How to Choose the Right Type of Baseboards for Your Home

You may not have given baseboards much thought in the past, but you should—they add personality and style to a room.

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When it comes to renovating or designing a home, baseboards are often cast aside as an afterthought. Though they may seem like a minor design element, baseboards are an important feature that deserve your attention. Not only do they add visual depth to rooms and help anchor walls, but baseboards can also protect fragile finishes, like wallpaper, from damage when moving furniture or cleaning floors. While they may seem like a one-style-fits-all feature, there are actually a handful of baseboard options available.

Benefits of Baseboards

Although baseboards aren't a necessity, they help give most homes a finished look and are highly functional. "The seam where the walls meet the floor is typically where two different materials intersect, requiring a finishing design solution at that joint," says Mindy O'Connor, the founder and principal of Melinda Kelson O'Connor Architecture & Interiors. "That seam and lower wall area is also more exposed to damage from feet, brooms, chairs, vacuums, dirt, and moisture than the rest of the walls." Additionally, baseboards cover small gaps between the walls and floor that occur from natural shrinking and expansion of wood flooring, which is caused by fluctuations in moisture and humidity.

With that being said, some homeowners choose not to include baseboards in their home. "We just completed a project that didn't have baseboards, because our client wanted her home to feel like an art gallery," says Zandy Gammons of Miretta Interiors. "She wanted her walls to be the focus." The decision is ultimately a personal one and depends on the vision your have for your space.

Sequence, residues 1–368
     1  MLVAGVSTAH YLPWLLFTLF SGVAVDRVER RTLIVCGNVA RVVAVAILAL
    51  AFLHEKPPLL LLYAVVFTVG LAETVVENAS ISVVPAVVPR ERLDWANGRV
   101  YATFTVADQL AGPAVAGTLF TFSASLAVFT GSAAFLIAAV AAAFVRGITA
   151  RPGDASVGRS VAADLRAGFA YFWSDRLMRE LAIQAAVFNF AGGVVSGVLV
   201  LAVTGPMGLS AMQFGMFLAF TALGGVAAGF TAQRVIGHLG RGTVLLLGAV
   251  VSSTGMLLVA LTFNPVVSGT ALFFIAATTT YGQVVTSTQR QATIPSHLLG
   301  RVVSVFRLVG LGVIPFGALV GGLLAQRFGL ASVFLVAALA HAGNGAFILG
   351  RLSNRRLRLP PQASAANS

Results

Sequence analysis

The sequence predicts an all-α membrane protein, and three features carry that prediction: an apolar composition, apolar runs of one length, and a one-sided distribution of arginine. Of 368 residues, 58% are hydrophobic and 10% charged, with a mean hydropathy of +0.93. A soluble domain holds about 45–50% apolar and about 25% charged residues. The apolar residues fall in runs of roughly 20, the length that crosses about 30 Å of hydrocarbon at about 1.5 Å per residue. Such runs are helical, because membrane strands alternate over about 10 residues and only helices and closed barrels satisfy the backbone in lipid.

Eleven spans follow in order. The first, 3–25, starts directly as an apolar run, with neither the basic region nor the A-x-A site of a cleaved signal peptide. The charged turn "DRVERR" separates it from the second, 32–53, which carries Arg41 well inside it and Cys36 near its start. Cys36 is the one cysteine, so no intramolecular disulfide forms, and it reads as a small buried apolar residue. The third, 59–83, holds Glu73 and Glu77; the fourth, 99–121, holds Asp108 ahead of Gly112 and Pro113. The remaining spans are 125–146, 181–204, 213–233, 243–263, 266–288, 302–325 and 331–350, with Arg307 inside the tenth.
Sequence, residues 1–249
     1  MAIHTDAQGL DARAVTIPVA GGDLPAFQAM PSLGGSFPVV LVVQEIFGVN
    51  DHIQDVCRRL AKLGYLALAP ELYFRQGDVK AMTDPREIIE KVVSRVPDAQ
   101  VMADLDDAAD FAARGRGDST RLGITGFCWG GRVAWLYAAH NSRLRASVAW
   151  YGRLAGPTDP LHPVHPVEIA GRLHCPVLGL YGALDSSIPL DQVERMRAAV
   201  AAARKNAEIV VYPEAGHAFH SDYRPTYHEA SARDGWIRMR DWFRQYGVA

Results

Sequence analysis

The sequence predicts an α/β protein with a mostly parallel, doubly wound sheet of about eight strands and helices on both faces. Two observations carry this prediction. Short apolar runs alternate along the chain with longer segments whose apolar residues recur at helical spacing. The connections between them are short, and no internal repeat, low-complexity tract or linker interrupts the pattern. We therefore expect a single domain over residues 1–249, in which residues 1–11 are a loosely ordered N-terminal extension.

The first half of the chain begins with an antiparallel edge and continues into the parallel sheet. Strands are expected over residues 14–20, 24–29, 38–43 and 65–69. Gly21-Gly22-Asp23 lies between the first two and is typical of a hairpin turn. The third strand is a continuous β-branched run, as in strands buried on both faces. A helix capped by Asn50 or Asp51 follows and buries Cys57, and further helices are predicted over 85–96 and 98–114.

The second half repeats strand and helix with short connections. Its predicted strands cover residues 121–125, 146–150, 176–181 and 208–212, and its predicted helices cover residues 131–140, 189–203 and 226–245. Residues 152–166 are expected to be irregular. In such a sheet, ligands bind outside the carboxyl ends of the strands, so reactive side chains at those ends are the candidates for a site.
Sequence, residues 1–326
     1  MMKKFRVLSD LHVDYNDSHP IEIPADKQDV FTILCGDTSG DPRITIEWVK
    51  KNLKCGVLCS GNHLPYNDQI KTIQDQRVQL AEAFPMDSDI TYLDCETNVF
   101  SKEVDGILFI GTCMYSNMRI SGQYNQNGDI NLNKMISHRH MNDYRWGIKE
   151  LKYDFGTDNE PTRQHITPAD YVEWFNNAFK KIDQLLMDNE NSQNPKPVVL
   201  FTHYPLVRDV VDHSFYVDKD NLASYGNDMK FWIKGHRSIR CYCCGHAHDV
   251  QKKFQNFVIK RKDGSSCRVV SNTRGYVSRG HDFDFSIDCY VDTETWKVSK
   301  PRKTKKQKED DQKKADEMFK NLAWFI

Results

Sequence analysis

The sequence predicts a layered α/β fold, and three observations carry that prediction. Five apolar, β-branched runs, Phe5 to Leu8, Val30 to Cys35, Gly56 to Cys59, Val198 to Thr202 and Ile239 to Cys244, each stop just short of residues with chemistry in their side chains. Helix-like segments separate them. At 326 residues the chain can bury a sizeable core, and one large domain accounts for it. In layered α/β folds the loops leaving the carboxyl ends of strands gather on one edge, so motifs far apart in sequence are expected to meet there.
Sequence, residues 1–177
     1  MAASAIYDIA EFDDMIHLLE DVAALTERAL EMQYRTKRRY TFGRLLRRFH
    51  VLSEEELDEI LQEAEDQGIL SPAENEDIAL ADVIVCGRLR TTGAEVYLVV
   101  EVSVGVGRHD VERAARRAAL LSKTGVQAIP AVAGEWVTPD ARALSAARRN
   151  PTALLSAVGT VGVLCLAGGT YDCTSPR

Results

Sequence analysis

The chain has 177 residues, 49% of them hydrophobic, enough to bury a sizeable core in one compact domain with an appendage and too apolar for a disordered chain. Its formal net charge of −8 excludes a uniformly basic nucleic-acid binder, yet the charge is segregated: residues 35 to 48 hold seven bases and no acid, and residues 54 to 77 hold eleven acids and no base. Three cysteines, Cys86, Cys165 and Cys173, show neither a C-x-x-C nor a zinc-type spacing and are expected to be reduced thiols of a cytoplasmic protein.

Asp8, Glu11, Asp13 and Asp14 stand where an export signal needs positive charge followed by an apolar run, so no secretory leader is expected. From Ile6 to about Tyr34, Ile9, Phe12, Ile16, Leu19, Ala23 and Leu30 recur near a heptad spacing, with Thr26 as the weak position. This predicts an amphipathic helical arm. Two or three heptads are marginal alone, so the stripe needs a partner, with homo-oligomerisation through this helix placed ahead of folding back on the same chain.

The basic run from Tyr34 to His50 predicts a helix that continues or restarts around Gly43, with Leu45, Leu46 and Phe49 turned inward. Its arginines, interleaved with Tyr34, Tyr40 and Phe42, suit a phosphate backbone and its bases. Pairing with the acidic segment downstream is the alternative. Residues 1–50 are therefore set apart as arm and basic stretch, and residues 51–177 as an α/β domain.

Common Baseboard Materials

Before you select your baseboard's height, style, and color, decide on the right material for your space.


Many designers are partial to wood baseboards. "Solid wood is a very common and traditionally used material for applied baseboards," says O’Connor. "Wood can be painted or stained and can be repaired, sanded, and repainted as needed." Keep in mind, though, that the lightweight material can be slightly more expensive than other trim materials and may split when nailed.

If you go the wood route, the key is to select a species and grain that will work with your design goals. Start by deciding if you want to paint your baseboards or if you want the wood grain to show through, Gammon says; your answer will determine the wood species you should use. For example, lighter options, like oak and ashwood, are easy to stain or paint, while darker woods (like walnut) shine on their own. "The typical paint-grade wood is poplar because it is smooth," says Susan Bohlert Smith of Bohlert Massey. "Although it is not hardwood, it is dense—so it won't dent like other less expensive paint-grade species would."

Medium Density Fiberboard

Typically less expensive than wood, medium density fiberboard is very consistent and can be painted. "Medium density fiberboard does not split when nailed and is more flexible for curves," says O'Connor. "There are a wide variety of profiles available and custom options for medium density fiberboard." The biggest downside to this type of material is that it's susceptible to water damage and difficult to repair. It also lacks the timeless beauty and graining that wood has.